Equity and Inclusion


In response to the proposal from the Leadership Conference of Women Religious (LCWR) that congregations focus on the dismantling of racism, the Adrian Dominican Sisters begin by identifying resources that can assist us in raising our consciousness of white privilege and white supremacy, both personally and systematically.

Our Toward Communion: Undoing Racism and Embracing Diversity Committee and our Justice Promoters are collaborating on a Black Catholic Project that begins on January 18, 2021, Martin Luther King Jr. Day. This project seeks to provide information on prominent Blacks and Black Catholics who have made significant contributions to the church and society, along with reflection questions and a prayer.

 

Equity and Inclusion Project

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'Mother' Mary Ann Wright

Mother Mary Ann Wright

Mother Mary Ann Wright (1941-2009)

Oakland Wiki says Mary Ann Wright was “a humanitarian activist” who lived and worked in Oakland, California, and fed East Bay residents for nearly three decades. To those she served, she was simply “Mother Wright.”

Born into an African-American Catholic family in New Orleans, Mother Wright married at age 14 and had nine children with her when she fled her abusive husband and moved to California. There, she worked picking the valley’s crops and as a domestic helper during the day and in a cannery at night.

In 1980, God told her in a dream “to feed the hungry.” She started out using her $236 Social Security check to buy food for a weekly dinner in Jefferson Park. She expanded to other areas of town, trudging beneath overpasses to deliver meals “with dignity,” she said, spreading out table cloths and wrapping forks in napkins.

Eventually Mother Wright secured a warehouse out of which she fed more than 450 people a day on a annual budget of $137,000. On holidays, long lines formed outside and Mother Wright was often on the sidewalk, bullhorn in hand, leading a prayer as people picked food, toys, and Christmas trees.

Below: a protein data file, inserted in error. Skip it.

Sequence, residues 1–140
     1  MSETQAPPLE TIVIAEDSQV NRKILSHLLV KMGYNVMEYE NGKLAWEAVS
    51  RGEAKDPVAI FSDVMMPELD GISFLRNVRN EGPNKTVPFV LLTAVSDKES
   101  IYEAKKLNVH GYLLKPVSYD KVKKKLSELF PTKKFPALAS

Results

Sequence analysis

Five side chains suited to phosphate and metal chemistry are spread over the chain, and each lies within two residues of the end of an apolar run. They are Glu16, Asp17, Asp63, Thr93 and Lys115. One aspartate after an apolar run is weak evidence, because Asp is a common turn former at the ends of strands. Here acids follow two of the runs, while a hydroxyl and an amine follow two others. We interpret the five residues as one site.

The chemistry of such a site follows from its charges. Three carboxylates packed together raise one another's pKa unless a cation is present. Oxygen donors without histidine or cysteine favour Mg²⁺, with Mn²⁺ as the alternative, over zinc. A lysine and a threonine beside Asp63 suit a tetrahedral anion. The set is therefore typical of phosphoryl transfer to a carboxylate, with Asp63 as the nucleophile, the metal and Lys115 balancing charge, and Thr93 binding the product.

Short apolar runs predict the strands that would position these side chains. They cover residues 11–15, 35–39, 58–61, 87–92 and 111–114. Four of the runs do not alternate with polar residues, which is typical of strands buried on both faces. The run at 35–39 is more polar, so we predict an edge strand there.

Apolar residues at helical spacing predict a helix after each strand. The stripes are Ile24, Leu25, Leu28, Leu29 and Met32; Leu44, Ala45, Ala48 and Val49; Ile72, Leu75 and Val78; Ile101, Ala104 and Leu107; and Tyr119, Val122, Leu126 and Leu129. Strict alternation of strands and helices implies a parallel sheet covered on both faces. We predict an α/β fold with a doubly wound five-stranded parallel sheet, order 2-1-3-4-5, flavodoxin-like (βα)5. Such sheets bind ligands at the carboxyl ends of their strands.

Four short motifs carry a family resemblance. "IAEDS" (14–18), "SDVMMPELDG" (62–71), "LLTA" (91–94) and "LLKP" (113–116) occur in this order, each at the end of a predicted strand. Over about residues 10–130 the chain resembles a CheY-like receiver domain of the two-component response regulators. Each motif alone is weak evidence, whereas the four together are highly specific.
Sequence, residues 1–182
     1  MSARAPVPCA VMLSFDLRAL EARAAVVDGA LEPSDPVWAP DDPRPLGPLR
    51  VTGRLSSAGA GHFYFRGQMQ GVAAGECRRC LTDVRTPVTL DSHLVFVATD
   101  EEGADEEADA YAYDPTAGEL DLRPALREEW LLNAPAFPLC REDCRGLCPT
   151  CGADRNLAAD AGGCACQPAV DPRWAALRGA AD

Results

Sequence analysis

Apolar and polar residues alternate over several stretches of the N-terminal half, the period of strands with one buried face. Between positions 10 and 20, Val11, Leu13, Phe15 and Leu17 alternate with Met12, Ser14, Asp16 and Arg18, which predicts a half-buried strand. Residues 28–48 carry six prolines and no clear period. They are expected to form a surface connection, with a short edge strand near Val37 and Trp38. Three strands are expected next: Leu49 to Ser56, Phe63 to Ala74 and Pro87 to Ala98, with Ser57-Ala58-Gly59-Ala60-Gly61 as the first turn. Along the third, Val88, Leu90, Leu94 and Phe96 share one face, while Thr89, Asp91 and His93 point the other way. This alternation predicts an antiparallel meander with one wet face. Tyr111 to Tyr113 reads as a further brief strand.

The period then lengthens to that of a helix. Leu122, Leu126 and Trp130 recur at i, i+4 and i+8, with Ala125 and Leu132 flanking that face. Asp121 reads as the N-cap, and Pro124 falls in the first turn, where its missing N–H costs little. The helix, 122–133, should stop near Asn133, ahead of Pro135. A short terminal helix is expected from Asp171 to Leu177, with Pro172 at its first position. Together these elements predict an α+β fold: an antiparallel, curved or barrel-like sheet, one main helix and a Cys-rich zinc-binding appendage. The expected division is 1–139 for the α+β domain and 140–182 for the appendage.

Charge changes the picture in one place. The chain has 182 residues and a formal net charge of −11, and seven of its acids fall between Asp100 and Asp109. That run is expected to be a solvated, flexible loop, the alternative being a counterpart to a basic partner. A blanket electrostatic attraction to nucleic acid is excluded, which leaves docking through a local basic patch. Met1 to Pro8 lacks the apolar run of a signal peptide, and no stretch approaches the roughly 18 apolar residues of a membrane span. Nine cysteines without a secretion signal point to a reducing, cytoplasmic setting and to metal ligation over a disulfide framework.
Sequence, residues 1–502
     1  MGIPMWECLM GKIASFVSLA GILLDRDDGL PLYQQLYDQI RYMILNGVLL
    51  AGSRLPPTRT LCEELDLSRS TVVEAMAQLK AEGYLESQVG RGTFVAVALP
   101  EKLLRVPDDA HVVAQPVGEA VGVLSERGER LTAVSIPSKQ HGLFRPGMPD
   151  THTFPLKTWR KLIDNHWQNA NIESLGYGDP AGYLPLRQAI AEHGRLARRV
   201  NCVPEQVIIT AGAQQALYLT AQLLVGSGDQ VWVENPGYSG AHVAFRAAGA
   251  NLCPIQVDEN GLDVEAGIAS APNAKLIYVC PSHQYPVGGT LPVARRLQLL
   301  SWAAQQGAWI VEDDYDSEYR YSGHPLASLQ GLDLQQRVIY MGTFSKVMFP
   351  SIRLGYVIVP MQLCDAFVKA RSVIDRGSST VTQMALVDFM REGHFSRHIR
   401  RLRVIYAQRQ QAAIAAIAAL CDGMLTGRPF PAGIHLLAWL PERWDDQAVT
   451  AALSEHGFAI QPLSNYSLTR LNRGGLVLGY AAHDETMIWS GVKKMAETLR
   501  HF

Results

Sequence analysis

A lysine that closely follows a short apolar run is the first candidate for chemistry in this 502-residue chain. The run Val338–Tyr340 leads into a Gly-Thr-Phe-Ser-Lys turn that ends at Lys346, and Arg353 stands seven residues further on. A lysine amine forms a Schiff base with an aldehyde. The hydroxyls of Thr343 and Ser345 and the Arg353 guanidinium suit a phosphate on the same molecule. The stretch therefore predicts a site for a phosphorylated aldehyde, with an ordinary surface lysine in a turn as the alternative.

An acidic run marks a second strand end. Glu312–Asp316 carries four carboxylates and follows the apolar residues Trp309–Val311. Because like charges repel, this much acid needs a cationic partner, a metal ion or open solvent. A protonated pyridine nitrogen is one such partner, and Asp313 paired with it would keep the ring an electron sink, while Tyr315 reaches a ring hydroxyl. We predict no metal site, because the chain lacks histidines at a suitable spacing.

Her foundation also has helped people in Russia and Vietnam and founded a school in Kenya. In 2005, Mother Wright was inducted into the Hall of Fame for Caring Americans, by the Caring Institute.

When she was 86 she said of her life’s path, “It’s a miracle,” and “I’ll be here until the Lord comes for me.”

The Lord came for Mother Wright on May 7, 2009.

 

Resources

Oakland Wiki article on Mother Wright
https://localwiki.org/oakland/Mother_Mary_Ann_Wright

Information on Oakland’s Mother of the Year Award, given to Mother Wright in 1989
https://localwiki.org/oakland/Oakland%27s_Mother_of_the_Year_Award

"Mother Wright, tireless advocate for poor, dies," SFGate article by John Coté, 2009
https://www.sfgate.com/bayarea/article/Mother-Wright-tireless-advocate-for-poor-dies-3242674.php

"'I Heard That': Remembering Mother Wright – Oakland’s Mother Theresa," BeyondChron article by Rochelle Metcalfe, 2009
https://beyondchron.org/i-heard-that-remembering-mother-wright-oaklands-mother-theresa/

"Mother Wright, Angel to the Hungry, Dies at 87," East Bay Times article by Angela Hill, 2009
https://www.eastbaytimes.com/2009/05/08/mother-wright-angel-to-the-hungry-dies-at-87/

Mother Wright and The Iron Souls Motorcycle Club – YouTube video (photos by Hogphotog, Dianne Lukash Ray)
https://youtu.be/upcVyEiC2l4

The Homegoing Celebration for Mother Wright – YouTube video
https://youtu.be/RjHHMwevzoE

Congresswoman Barbara Lee tribute to Mary Ann Wright – YouTube video
https://youtu.be/7BIfQGAtMf0


Reflection Questions

1. Are you aware of food resources in your local community?

2. How might you assist?


Prayer

O God, you who fed the hungry and tired have gifted the people of Oakland and beyond with the life and love of Mother Mary Ann Wright.

You called her as you did St. Catherine of Siena, from the walls of her large family into the lives of families seeking food and welcome. She brought the love of your Son through her cooking and hospitality; you were made manifest in the breaking of the bread.

Inspire us to love our neighbor through word and deeds, filling hearts and minds and bodies with the gifts of your creation freely given where needed.

In Jesus’ name, we pray.

Amen

 

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People of African Descent on the Path to Sainthood

 

U.S. Black Catholic History Links

Black Catholic History page by Seattle University

Timeline from the National Black Catholic Congress

Sister Jamie T. Phelps, OP, discusses Black Catholics in America with Dr. Paul Lakeland for Fairfield University's "Voices of Others" video series

News report on one of the oldest Black Catholic parishes in the U.S., St. Elizabeth Catholic Church (formerly St. Monica) in Chicago, Illinois

 

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